'Private Life': Jane Smiley's quiet novel of a Midwestern girl's odyssey
Jane Smiley's new novel, "Private Life," traces the life of a Midwestern woman from a Missouri childhood in the 1880s to a life of diminished expectations in California. Smiley reads Thursday at the Bellevue Regional Library and Friday at Third Place Books in Lake Forest Park.
Special to The Seattle Times
Jane SmileyThe author of "Private Life" will discuss her book at 7 p.m. Thursday at the Bellevue Regional Library, 1111 110th Ave. N.E., Bellevue; sponsored by the University Book Store (206-634-3400 or www.ubookstore.com). She will read at 1 p.m. Friday at Third Place Books, 17171 Bothell Way N.E., Lake Forest Park; free (206-366-3333 or www.thirdplacebooks.com).
"In those days all stories ended with the wedding" is the quote from writer Rose Wilder Lane that serves as an epigraph for Jane Smiley's latest novel, "Private Life" (Knopf, 318 pp., $26.95). "Those days" are the later-19th-century Midwest, where Lane (daughter of Laura Ingalls Wilder, author of "Little House on the Prairie") grew up and where Smiley's heroine, Margaret, spent her girlhood before marrying and, a few years after the century's turn, moved West.
But "Private Life" is only just beginning with the wedding, which changes Margaret's life in ways this quiet woman could not have predicted. The book's structure — told in sections titled by years — begins with a 1942 prologue, circles back to Margaret's Missouri childhood in the early 1880s, continues through her married life in California, and ends in 1942 again. The prologue takes on new meaning; characters who were once strangers are now people we know.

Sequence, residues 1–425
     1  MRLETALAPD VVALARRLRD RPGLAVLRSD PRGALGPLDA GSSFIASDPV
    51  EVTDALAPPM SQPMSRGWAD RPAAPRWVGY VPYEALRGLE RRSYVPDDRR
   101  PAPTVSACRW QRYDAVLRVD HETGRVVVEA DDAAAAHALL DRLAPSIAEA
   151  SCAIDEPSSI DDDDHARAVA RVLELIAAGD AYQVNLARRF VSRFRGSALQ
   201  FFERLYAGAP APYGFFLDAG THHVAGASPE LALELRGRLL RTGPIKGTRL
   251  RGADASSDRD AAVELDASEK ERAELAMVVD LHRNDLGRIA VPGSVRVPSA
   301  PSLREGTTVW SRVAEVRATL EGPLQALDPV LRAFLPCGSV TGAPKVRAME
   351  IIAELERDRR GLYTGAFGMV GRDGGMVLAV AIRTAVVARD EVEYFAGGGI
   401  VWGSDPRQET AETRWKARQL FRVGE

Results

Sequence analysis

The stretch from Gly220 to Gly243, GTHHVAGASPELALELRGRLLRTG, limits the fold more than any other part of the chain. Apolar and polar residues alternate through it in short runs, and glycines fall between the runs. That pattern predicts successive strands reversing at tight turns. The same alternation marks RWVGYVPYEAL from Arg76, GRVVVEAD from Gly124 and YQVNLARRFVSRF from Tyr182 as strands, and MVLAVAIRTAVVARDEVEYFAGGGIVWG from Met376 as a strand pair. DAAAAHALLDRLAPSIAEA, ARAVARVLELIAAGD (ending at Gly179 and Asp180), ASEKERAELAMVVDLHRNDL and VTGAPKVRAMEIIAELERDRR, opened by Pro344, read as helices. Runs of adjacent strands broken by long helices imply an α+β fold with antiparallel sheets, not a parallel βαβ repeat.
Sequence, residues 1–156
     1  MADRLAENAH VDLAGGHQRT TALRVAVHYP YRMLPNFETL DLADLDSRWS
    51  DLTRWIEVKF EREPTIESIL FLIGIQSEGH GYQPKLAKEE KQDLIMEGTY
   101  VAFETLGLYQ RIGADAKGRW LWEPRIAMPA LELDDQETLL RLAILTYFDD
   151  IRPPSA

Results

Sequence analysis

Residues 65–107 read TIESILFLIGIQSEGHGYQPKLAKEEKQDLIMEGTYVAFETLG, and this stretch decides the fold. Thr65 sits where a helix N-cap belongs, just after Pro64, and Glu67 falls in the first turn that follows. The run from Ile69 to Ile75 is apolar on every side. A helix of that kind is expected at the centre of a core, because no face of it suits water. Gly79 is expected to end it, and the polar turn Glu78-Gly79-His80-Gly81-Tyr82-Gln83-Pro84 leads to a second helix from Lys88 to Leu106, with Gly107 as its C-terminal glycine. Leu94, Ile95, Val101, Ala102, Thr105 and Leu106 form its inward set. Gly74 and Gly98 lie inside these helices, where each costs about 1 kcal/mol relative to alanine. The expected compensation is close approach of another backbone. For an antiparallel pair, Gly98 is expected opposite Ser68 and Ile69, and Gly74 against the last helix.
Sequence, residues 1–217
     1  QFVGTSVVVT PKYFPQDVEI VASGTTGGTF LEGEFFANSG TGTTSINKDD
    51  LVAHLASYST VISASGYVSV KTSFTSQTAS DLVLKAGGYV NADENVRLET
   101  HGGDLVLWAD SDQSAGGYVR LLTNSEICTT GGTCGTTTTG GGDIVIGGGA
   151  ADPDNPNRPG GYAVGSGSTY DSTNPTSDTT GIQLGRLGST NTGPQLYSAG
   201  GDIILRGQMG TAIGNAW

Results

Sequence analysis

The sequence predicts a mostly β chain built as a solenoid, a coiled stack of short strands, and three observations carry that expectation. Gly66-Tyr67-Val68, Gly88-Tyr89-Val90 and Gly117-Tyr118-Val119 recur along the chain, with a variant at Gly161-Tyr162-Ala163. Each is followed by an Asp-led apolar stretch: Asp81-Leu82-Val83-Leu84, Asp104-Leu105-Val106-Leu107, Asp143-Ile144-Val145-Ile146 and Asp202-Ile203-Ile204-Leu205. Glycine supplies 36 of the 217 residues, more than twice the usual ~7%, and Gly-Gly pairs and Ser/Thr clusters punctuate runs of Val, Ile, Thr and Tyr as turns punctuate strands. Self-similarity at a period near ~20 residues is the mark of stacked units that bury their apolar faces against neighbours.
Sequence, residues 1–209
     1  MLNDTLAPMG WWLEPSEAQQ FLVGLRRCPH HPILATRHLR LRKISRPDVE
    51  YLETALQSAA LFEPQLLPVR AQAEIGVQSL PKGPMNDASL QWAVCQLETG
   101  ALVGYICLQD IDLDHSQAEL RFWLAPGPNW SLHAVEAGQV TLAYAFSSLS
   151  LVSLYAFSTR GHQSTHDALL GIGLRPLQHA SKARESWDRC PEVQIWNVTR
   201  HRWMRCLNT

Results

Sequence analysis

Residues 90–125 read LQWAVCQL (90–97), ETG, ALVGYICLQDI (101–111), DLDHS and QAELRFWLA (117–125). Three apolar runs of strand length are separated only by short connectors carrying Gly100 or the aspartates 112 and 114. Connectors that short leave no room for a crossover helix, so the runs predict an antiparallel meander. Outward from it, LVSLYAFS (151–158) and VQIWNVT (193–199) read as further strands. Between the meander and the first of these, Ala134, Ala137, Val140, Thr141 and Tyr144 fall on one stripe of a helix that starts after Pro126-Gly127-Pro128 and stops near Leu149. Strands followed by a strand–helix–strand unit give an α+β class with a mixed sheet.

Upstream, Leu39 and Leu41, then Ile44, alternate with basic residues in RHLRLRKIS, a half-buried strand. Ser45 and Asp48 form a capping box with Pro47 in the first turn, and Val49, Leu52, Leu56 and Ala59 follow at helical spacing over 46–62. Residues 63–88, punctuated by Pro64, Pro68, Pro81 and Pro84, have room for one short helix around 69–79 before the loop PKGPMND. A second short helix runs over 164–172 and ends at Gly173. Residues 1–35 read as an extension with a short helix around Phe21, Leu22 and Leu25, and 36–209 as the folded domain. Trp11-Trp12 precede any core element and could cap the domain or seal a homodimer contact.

Smiley, a Pulitzer Prize winner for "A Thousand Acres," takes a melancholy, pensive tone here: Margaret's fate is anything but happily-ever-after. Marrying at a relatively late age for her time (27), she hoped her husband Andrew's nervousness upon proposing was "love, a form of electricity." The couple travels to Vallejo, Calif., for Andrew's work: A naval officer and astronomer, he takes charge of the observatory on the Mare Island naval base, while Margaret, puzzled by her new identity (she "had no idea who she was anymore, since she was no longer an old maid in a small Missouri town"), busies herself with neighbors and setting up a home.
But the pleasures of family life will not be hers; even motherhood is hers to enjoy only briefly. (In a haunting description of maternal love, Smiley writes that it was for Margaret "a bodily transformation. It was as if [the child] were a dye and she was white wool. Looking at him and holding him dyed her through and through.") Soon, Andrew's courtly eccentricity and scientific curiosity transform into something approaching madness. Margaret's life is more than private; she is, against all expectations, alone.
Against the stark backdrop of Margaret's unsmiling gaze, we watch history march by: the 1905 San Francisco earthquake; the emergence of new careers for women (depicted in the lively character of Margaret's brother-in-law's sister Dora, a globe-trotting journalist who sends cheery letters describing, for example, Ezra Pound extemporizing a poem for her in London); the years of World War I, when "death was all around them"; the fondness Margaret develops for her Japanese neighbors, only to see them sent to an internment camp by the early '40s.
Smiley's eye is keen, and the book's historical pageant is often mesmerizing and always elegantly composed — and yet, "Private Life" leaves you thinking about its smaller events rather than its large ones. It is, at heart, about the death of hope; about how a woman trying to make the best of things learns that there's nothing better waiting. Marriage, as the ladies of Margaret's knitting groups perpetually note, can be a trial; here, it's a quiet tragedy — a place where, to paraphrase Lane, Margaret's story ends.
Moira Macdonald is the movie critic
for The Seattle Times.
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